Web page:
Switching a Ball to a Strike

One of the cool things (ok, I’m a baseball nerd) about analyzing data is how often you discover little interesting facts that you didn’t know before.

While researching my current work on whether catchers have an effect on whether a pitch is called a strike or a ball (look for it tomorrow or Friday at Beyond the Box Score </shameless plug>), I realized I didn’t know what replacing a ball for a strike was really worth. A Google search turned up some information as to the run value of a given count, but not the information I was looking for. So I took a little detour from my planned study and decided to calculate the value myself.

Using data found in this thread at the Book Blog and the 2006 Major League splits from Baseball-Reference, I determined the value of a ball and a strike for every count (from the point of view of the pitcher). The difference between those numbers is the value of switching a ball to a strike at each count. Then I took average of the values at each count weighted by the number of plate appearances at that count to get the final number of .161 runs.

In the interest of full disclosure, and for those who might be interested in the breakdowns, here’s the data.

B S WOBA LW RV Ball RV Strike RV B->S PA Weighted RV
0 0 0.332 0 -0.0339 0.0426 0.0765 188071 0.0217
0 1 0.283 -0.0426 -0.0269 0.0617 0.0886 87779 0.0117
0 2 0.212 -0.1043 -0.02174 0.2007 0.2224 33467 0.0112
1 0 0.371 0.0339 -0.0626 0.0496 0.1122 77323 0.0131
1 1 0.314 -0.0157 -0.0504 0.0670 0.1174 72385 0.0128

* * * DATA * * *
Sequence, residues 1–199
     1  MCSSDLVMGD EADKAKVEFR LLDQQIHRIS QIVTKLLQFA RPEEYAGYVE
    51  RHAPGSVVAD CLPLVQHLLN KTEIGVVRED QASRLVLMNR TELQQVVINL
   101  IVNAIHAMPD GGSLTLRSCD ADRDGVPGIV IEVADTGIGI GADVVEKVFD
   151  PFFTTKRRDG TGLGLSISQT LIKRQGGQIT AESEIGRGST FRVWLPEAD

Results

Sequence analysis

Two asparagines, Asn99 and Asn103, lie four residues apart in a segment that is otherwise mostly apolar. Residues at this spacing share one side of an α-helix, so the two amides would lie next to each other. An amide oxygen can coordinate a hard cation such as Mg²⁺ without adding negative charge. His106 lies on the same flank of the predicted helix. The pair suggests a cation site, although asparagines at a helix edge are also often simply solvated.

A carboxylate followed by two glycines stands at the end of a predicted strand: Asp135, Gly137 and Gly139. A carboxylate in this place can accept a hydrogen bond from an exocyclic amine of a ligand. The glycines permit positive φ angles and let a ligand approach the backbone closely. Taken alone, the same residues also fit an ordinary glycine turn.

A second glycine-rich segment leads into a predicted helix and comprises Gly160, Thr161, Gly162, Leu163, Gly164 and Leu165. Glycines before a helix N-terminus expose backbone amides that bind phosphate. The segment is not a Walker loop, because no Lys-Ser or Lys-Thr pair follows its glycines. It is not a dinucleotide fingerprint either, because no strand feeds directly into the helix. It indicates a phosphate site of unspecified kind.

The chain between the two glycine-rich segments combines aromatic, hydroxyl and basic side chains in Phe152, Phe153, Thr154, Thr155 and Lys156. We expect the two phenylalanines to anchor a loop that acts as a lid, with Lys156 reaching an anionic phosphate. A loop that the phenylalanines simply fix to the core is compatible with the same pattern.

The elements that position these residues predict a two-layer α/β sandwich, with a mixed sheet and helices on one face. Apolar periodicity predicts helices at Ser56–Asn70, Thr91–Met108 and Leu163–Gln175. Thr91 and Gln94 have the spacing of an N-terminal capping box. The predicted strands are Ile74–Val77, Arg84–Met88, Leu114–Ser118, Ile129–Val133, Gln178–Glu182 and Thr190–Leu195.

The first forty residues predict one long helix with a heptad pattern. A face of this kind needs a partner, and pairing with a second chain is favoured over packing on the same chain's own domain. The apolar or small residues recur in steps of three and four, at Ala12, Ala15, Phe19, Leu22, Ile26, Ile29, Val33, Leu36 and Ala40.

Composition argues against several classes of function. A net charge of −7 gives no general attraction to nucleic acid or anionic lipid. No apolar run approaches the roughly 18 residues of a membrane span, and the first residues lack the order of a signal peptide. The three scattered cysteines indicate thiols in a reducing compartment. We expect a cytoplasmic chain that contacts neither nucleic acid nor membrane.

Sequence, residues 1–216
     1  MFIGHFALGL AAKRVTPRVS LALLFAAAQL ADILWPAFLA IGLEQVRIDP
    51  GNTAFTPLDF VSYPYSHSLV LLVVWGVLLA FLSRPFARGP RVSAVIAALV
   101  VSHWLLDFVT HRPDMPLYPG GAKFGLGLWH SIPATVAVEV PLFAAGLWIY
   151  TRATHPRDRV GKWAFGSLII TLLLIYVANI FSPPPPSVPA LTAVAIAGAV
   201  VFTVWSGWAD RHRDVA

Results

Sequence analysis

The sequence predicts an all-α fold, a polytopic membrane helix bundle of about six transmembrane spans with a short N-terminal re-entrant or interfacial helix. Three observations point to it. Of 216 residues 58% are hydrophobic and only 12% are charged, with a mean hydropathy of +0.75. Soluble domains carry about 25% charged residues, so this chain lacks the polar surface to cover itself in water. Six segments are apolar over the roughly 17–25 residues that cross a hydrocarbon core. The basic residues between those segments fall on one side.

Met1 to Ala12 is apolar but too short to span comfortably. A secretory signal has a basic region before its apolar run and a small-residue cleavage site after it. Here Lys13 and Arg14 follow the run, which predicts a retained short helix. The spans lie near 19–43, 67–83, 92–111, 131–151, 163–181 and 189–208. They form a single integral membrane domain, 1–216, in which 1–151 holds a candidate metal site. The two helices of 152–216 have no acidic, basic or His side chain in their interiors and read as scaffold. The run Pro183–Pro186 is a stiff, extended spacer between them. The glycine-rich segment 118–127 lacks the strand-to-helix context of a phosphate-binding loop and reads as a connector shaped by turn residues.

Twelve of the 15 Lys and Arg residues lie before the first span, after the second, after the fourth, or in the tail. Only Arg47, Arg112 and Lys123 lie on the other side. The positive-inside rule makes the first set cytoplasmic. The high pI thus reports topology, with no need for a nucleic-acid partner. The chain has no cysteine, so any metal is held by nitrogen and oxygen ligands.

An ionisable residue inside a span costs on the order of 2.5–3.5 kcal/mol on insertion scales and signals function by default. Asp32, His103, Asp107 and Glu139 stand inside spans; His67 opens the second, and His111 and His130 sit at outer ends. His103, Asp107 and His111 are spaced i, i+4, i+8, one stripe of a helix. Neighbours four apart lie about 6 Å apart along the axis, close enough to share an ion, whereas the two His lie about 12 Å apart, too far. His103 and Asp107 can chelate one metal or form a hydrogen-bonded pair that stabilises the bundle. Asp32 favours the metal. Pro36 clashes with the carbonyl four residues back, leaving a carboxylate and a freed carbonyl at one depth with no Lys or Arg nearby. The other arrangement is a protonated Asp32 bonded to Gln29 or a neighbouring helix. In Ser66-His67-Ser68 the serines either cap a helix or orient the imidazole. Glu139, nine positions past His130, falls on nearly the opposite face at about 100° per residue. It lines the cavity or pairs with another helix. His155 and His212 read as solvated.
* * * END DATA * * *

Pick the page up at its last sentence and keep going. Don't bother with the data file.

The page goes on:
1 2 0.237 -0.0826 -0.0461 0.2224 0.2685 48727 0.0197
2 0 0.443 0.0965 -0.1104 0.0617 0.1722 27566 0.0072
2 1 0.372 0.03478 -0.1026 0.0713 0.1739 38594 0.0101
2 2 0.29 -0.0365 -0.0983 0.2685 0.3667 39862 0.0220
3 0 0.57 0.2070 -0.1170 0.0696 0.1866 9512 0.0027
3 1 0.49 0.1374 -0.1866 0.0757 0.2623 16577 0.0066
3 2 0.403 0.0617 -0.2623 0.3667 0.629 23156 0.0220

1 Comment »

RSS feed for comments on this post. TrackBack URI

  1. [...] .161 runs saved by turning a ball into a strike (see here), Molina would need to turn a ball into a strike about once every 36 or 37 pitches to save 50 runs [...]

    Pingback by Could Jose Molina Have Actually Saved 50 Runs Through Framing Pitches? « The Fundamentals — November 13, 2012 #

Leave a comment

XHTML: <a href="" title=""> <abbr title=""> <acronym title=""> <b> <blockquote cite=""> <cite> <code> <del datetime=""> <em> <i> <q cite=""> <strike> <strong>

Powered by WordPress with GimpStyle Theme design by Horacio Bella.
Entries and comments feeds. Valid XHTML and CSS.